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Feds commit $140M to keep temporary staff hired to eliminate veterans' backlog

OTTAWA — The federal Liberals have caved to mounting anger and frustration from within Canada’s veterans’ community, promising more than $140 million to retain hundreds of temporary staff hired to deal with a backlog of disability claims from injured
Veterans Affairs and Associate Minister of National Defence Minister Lawrence MacAulay responds to a question during a news conference in Ottawa, Tuesday, November 10, 2020. THE CANADIAN PRESS/Adrian Wyld

OTTAWA — The federal Liberals have caved to mounting anger and frustration from within Canada’s veterans’ community, promising more than $140 million to retain hundreds of temporary staff hired to deal with a backlog of disability claims from injured ex-soldiers.

Veterans Affairs Minister Lawrence MacAulay announced the commitment in a news release on Wednesday, only weeks after he told a parliamentary committee that any such decision would have to wait for the coming federal budget.

“Nothing is more important right now than ensuring veterans receive their benefits in a timely manner and we remain committed to reducing the processing times for disability benefit applications,” MacAulay said in a statement.

“We are making tangible progress, but the job is not done. With this investment, VAC staff can continue making decisions faster, and get the backlog under control.”

While the statement did not say how many temporary adjudicators would be retained past the end of March, MacAulay’s spokesman John Embury said the funding will support 595 temporary positions over the next two years.

The Royal Canadian Legion, whose dominion president had written a letter to Prime Minister Justin Trudeau about the issue following a report by The Canadian Press earlier this month, nonetheless welcomed the news.

“The Legion is reassured by a significant new investment to clear Canada’s backlog of veteran disability claims,” it said in a statement.

“We thank government for providing Veterans Affairs Canada with the additional financial support needed to retain extra temporary staff, and look forward to seeing this serious backlog shrink rapidly over the coming months.”

The backlog has emerged as one of the main sources of frustration, anger and hardship for Canada's veterans' community, with those ill and injured forced to wait months — and often years — for access to financial or medical support for their injuries.

The Canadian Press reported earlier this month that contracts for only 168 of the more than 500 temporary adjudicators hired since 2018 had been extended for a year, even though Veterans Affairs still had nearly 34,000 unprocessed claims on its desk.

Adding to the concern were warnings from departmental officials that the number of unprocessed disability claims, which were finally on the decline, would actually start to grow by the thousands again if more temporary workers weren’t retained.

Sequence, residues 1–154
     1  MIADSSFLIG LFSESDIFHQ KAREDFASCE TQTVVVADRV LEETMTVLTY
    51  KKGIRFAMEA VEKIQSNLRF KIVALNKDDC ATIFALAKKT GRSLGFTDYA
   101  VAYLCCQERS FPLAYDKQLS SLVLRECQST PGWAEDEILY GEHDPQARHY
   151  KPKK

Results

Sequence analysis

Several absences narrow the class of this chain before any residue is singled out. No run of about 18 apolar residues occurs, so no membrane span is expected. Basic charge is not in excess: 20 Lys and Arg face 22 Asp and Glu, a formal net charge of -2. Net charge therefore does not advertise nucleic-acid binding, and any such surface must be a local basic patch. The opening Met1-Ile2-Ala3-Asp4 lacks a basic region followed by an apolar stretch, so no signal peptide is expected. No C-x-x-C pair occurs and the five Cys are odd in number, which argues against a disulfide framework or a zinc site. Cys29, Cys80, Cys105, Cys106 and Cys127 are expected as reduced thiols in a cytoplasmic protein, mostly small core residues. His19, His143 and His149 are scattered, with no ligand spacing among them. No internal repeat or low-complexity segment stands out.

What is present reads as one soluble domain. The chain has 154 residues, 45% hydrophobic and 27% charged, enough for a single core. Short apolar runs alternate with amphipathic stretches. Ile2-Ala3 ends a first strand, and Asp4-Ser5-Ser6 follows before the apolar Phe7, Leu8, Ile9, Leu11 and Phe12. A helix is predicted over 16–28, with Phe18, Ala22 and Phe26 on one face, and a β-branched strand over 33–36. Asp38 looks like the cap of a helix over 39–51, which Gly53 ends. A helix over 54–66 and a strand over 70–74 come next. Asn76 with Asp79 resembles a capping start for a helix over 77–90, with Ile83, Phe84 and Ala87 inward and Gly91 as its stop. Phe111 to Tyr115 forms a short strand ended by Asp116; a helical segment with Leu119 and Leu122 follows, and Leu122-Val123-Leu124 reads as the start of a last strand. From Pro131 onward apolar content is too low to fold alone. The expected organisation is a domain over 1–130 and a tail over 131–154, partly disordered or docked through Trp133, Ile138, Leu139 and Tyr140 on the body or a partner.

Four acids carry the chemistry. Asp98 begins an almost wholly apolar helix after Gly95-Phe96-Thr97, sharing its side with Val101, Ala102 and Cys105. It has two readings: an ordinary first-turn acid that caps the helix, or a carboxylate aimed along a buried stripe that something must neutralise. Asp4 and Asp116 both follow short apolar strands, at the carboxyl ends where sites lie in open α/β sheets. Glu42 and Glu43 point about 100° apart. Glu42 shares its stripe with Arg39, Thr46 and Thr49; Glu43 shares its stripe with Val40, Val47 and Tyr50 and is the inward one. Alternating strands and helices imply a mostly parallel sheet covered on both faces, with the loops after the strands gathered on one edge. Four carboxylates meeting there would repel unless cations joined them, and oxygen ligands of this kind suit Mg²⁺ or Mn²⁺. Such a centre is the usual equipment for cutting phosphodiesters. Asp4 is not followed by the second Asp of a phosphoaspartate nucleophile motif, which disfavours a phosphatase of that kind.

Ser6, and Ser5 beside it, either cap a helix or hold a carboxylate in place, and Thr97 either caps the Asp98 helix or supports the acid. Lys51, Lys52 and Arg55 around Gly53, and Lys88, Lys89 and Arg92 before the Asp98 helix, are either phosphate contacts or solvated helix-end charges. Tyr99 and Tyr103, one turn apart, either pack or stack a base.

MacAulay at the time said the government was leaving the door open to extending the contracts of more temporary staff to keep a lid on the backlog, but insisted any new investment would have to wait until the next federal budget in the spring.

"I cannot indicate what would be in the budget, because it's not appropriate," MacAulay said during his appearance before the House of Commons veterans' affairs committee on Feb. 1.

"But the fact is I've indicated quite clearly that we will be seeking additional funding to make sure that we continue on the same track that we're on to reduce the backlog."

In his open letter to the prime minister, Royal Canadian Legion dominion president Bruce Julian called on the government to take immediate action and address the backlog.

“We ask that funds be openly guaranteed to enable these adjudicators to keep working, and to bring on even more assistance,” Julian wrote to Trudeau on Feb. 16, adding veterans were waiting far too long for their claims to be processed.

“While they await these decisions, treatment is not accessible through any VAC benefits and their health continues to deteriorate. This is indefensible and cannot continue in good conscience.”

The Canadian Press, which was the first to report the existence of the backlog in 2017, detailed in a series last year the additional stress and difficulties that veterans stuck in the backlog are experiencing as they wait for their claims to be processed.

Parliamentary budget officer Yves Giroux in September 2020 reported the government would need to keep most of those temporary staff past their current contract set to end in March 2022 for another three years to properly deal with the backlog.

Giroux also said the government could have eliminated the entire backlog by the end of 2021 by hiring 400 additional employees on top of those already under contract by adding $159 million to the budget. The Liberals ignored this recommendation.

This report by The Canadian Press was first published Feb. 23, 2022.

Lee Berthiaume, The Canadian Press